Third (and of course there’s no way to test this), I can’t help wondering whether, if this survey had been done ten, or twenty, or even thirty years ago, the results would have been much different. Authors can be unreliable narrators, and marketing is an area where hope and expectation often clash unpleasantly with reality–something that I think has always been so. On the other hand, as Bingham points out, we are living in an age where it’s not only possible, but viable, for authors to kick their publishers to the curb…so his final point remains compelling. Publishers need a box.
But before you do decide to take a pass on traditional publishing and join the ranks of self-publishers, you might want to take a look at survey number two.
The Taleist Self-Publishing Survey
In February, Taleist launched a self-publishing survey, with the aim of discovering, among other things:
– What the top earning self-publishers have in common
– What marketing seems to be working
– How much the average self-publisher is earning in royalties
– What types of outside assistance really make a difference
The results are in, and their title says a lot: Not a Gold Rush.
To get the full survey, you have to go to Amazon (here’s a breakdown of the various chapters) but here are some interesting tidbits (for more detailed analyses, see these posts from Catherine Ryan Howard and Joel Friedlander):
– 10% of self-publishing authors earn 75% of royalties–a statistic that’s eerily similar to the income breakout in traditional publishing. (Only about 60% of the more than 1,000 respondents were willing to answer questions about their earnings.)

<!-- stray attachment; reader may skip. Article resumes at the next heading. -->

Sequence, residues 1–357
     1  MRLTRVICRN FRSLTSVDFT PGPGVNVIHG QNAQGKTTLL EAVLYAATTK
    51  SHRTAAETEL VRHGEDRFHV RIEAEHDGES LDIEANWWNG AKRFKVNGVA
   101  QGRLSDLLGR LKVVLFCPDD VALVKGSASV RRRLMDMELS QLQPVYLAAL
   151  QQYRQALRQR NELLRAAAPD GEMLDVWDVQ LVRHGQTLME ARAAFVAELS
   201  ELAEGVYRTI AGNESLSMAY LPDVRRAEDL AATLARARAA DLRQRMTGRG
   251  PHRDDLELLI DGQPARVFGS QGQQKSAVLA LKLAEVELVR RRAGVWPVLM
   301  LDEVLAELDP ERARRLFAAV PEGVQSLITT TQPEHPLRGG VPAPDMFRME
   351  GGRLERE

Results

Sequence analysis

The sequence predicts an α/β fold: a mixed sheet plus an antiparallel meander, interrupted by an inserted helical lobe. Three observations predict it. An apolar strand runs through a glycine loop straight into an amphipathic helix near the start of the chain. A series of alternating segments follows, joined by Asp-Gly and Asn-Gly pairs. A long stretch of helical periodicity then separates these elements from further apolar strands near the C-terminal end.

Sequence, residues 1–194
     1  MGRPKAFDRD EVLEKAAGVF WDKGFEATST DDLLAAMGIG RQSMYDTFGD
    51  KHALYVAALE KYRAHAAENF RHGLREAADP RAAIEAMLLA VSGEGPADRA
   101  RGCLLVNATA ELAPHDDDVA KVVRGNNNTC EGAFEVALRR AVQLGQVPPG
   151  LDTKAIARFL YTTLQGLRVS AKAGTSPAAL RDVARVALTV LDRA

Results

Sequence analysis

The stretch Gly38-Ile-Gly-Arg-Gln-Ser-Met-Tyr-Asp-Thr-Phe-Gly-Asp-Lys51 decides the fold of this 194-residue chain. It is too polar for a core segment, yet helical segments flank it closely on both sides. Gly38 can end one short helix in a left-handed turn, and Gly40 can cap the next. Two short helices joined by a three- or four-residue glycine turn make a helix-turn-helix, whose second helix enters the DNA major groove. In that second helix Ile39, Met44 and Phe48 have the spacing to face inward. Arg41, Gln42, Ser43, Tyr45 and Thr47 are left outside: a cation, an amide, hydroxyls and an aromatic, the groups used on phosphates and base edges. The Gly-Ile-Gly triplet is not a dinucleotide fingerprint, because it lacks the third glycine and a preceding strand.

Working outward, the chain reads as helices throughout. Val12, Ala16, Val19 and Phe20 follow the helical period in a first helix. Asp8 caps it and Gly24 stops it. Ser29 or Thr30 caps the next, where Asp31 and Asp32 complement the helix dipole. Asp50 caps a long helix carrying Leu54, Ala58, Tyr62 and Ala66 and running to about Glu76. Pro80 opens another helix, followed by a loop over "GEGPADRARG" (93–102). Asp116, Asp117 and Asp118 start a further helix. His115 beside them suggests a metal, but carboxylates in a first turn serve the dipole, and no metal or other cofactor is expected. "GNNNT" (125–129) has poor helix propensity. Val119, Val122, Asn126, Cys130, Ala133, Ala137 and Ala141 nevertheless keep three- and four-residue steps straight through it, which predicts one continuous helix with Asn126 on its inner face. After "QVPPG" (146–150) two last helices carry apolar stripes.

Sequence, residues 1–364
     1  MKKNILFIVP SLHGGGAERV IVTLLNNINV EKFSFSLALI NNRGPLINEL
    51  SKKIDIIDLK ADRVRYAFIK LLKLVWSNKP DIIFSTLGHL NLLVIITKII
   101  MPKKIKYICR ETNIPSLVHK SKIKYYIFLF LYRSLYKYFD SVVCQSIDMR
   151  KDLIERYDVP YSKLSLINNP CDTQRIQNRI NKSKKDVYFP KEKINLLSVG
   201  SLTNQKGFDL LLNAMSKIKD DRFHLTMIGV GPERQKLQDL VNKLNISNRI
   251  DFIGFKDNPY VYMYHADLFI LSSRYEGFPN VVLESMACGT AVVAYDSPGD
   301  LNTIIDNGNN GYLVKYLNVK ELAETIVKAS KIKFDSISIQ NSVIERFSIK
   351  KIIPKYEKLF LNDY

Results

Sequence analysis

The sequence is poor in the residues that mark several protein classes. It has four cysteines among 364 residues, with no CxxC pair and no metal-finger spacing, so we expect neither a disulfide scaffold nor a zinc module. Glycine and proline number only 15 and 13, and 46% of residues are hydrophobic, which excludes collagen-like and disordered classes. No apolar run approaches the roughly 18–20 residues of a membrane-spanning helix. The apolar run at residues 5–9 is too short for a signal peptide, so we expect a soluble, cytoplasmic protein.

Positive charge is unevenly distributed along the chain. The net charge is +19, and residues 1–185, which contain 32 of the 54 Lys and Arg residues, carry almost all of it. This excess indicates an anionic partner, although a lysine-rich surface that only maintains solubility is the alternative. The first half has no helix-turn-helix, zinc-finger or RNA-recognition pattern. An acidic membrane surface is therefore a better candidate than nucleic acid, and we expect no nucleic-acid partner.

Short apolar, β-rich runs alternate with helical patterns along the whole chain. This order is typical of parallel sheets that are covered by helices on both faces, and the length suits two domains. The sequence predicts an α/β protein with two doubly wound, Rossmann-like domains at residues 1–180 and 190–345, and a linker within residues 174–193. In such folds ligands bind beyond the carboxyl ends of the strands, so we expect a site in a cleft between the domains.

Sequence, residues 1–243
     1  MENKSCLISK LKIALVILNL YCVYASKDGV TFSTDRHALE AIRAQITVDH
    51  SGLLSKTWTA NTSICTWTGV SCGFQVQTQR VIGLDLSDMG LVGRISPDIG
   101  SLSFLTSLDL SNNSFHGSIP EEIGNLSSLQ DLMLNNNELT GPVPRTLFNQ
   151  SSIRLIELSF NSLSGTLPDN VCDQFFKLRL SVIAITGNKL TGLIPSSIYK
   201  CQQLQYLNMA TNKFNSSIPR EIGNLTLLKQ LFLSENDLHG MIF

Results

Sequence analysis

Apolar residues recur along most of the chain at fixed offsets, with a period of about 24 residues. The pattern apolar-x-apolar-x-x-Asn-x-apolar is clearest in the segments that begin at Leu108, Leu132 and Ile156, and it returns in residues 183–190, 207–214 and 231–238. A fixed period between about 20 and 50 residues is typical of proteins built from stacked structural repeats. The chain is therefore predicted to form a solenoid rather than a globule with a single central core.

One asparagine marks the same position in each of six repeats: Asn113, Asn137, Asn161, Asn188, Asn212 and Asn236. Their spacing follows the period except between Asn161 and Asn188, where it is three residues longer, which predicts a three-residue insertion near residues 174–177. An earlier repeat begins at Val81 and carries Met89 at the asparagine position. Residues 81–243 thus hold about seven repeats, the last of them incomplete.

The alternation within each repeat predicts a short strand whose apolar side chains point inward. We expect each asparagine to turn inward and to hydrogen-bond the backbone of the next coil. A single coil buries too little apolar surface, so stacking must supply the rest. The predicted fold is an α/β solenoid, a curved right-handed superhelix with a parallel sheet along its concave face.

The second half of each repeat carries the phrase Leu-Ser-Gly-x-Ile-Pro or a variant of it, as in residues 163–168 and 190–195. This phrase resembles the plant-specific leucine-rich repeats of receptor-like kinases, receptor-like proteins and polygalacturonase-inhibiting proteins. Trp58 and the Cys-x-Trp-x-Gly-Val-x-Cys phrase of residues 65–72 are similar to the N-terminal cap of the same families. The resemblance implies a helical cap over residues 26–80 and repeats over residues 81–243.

– Half the authors earned less than $500 in 2011.
– A quarter of books probably won’t make back the authors’ production expenses.
– Earnings were sharply defined by genre. Romance writers earned 170% more than others, with literary fiction authors earning the least.
– Authors who sought outside help (editing, copy editing, proofreading, cover design) earned more than those who didn’t.
– The 29% of respondents who went from a traditional publisher to self-publishing earned twice as much on their own as they did from their publishers.
– The most financially successful self-publishers write more than their peers, and spend less time marketing. In fact, those self-publishers who marketed the most earned the least.
Fascinating information, all in all. For me, one of the things that’s most unexpected is the way that many of the results parallel the realities of traditional publishing. A tiny percent of authors earning the bulk of the income; most authors unable to make a living wage; the importance of editing and design; the market dominance of romance–all these things suggest (perhaps) that there are universal truths of authorship that transcend context.
Again, though, there are some caveats. The survey sample was sizeable–but how self-selecting might it have been? For instance, the majority of respondents were US-based (72%). Taleist acknowledges this:
For a start, no one knows what the total population of self-publishers look like so we can’t know for sure how closely our sample of 1,007 respondents represents that community. It seems likely that with a sample this size we will have good representation but do the experiences of our respondents match yours? Where are the differences? What do you agree with? What did you disagree with? What else would you like to know?
Also, as Nate Hoffelder of The Digital Reader points out, the survey needs to be considered in context: “The thing is, no matter how little those authors made while self-publishing their ebooks, on average they are almost certainly better off than if they did not have the option of self-publishing.” Survey results support this: only 5% of respondents said that they considered themselves unsuccessful, regardless of how much they earned–reminding us that “success” is about much more than money.
Caveats aside, we now have a lot more information about self-publishers and self-publishing than was available before. As survey authors Dave Comford and Steven Lewis say (quoted in The Guardian),
The majority of the information out there is about the outliers, whose success is inspiring, but as we can now confirm bears scant resemblance to the experience of most authors.
It’s a valuable counter to the hype that surrounds self-publishing, and hopefully gives authors who are considering this alternative more tools with which to realistically evaluate their goals.